Although Ebola is dominating news coverage in every form, we are reminded that other outbreaks of exotic viral diseases continue and new cases pop up from time to time.


Whether it be MERS, dengue fever or chikungunya, there is so much disease circulating in the world, including avian influenza.

Today, the Hong Kong Centre for Health Protection (CHP) of the Department of Health (DH) received notification from the National Health and Family Planning Commission (NHFPC) of two cases of human infection of avian influenza A(H7N9) affecting a woman aged 44 in Xinjiang Uygur Autonomous Region and a girl aged 7 in Beijing. The 44-year-old woman passed away last month.

This brings the total to 440 cases confirmed on the Mainland. The breakdown of cases by province is as follows:  including Zhejiang (139 cases), Guangdong (109 cases), Jiangsu (56 cases), Shanghai (41 cases), Hunan (24 cases), Fujian (22 cases), Anhui (17 cases), Jiangxi (eight cases), Shandong (five cases), Beijing (five cases), Henan (four cases), Guangxi (three cases), Xinjiang Uygur Autonomous Region (three cases), Jilin (two cases), Guizhou (one case) and Hebei (one case).

According to the CHP, there are various types of influenza viruses. Apart from the influenza viruses which can circulate among humans and cause seasonal influenza, many other influenza A viruses are found in birds and other animal species. These viruses are distinct from human seasonal influenza viruses and do not easily transmit to humans.  However, some of these animal viruses may, occasionally infect humans. These are known as novel influenza viruses and avian influenza viruses are one example.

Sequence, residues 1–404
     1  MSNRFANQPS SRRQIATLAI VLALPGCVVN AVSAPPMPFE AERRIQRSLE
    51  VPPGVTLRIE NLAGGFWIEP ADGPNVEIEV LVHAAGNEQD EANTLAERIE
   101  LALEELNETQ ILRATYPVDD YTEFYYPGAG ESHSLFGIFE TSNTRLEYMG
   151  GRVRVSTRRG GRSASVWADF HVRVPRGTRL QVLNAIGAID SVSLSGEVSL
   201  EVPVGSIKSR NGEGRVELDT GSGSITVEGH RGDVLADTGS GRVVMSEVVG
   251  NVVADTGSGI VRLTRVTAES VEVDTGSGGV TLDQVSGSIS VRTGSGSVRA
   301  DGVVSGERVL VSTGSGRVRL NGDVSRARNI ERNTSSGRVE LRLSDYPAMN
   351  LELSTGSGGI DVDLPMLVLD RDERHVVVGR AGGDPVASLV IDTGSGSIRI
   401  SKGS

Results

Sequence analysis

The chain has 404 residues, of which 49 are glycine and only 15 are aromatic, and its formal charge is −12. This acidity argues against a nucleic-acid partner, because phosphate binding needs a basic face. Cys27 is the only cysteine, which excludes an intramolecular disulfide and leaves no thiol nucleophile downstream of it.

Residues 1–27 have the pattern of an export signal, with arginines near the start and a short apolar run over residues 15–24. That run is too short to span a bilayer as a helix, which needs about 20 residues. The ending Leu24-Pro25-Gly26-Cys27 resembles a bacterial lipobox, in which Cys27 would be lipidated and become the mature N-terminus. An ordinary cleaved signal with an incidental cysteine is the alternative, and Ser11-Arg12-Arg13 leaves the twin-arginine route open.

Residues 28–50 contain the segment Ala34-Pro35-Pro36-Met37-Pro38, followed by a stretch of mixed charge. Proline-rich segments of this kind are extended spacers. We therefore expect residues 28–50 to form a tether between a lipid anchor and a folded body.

Avian influenza is caused by those influenza viruses that mainly affect birds and poultry, such as chickens or ducks. Since the virus does not commonly infect humans, there is little or no immune protection against it in the human population. However, if an avian influenza virus acquired the capacity to spread easily from person to person, either through adaptation or acquisition of certain genes from human viruses, an influenza pandemic can occur.  Human cases infected with avian influenza A (H5N1, H7N9 and H9N2) viruses have been identified in Hong Kong, Mainland China and other parts of the world, while human infections due to H10N8 and H6N1 viruses have been first reported in Mainland China and Taiwan respectively since 2013.

Clinical presentation of avian influenza in humans includes eye infection (conjunctivitis), flu-like symptoms (e.g. fever, cough, sore throat, muscle aches) or severe respiratory illness (e.g. chest infection). The more virulent forms [e.g. infection by avian influenza A (H5N1, H7N9 or H10N8) viruses] can result in respiratory failure, multi-organ failure and even death. For more infectious disease news and information, visit and “like” the Infectious Disease News Facebook page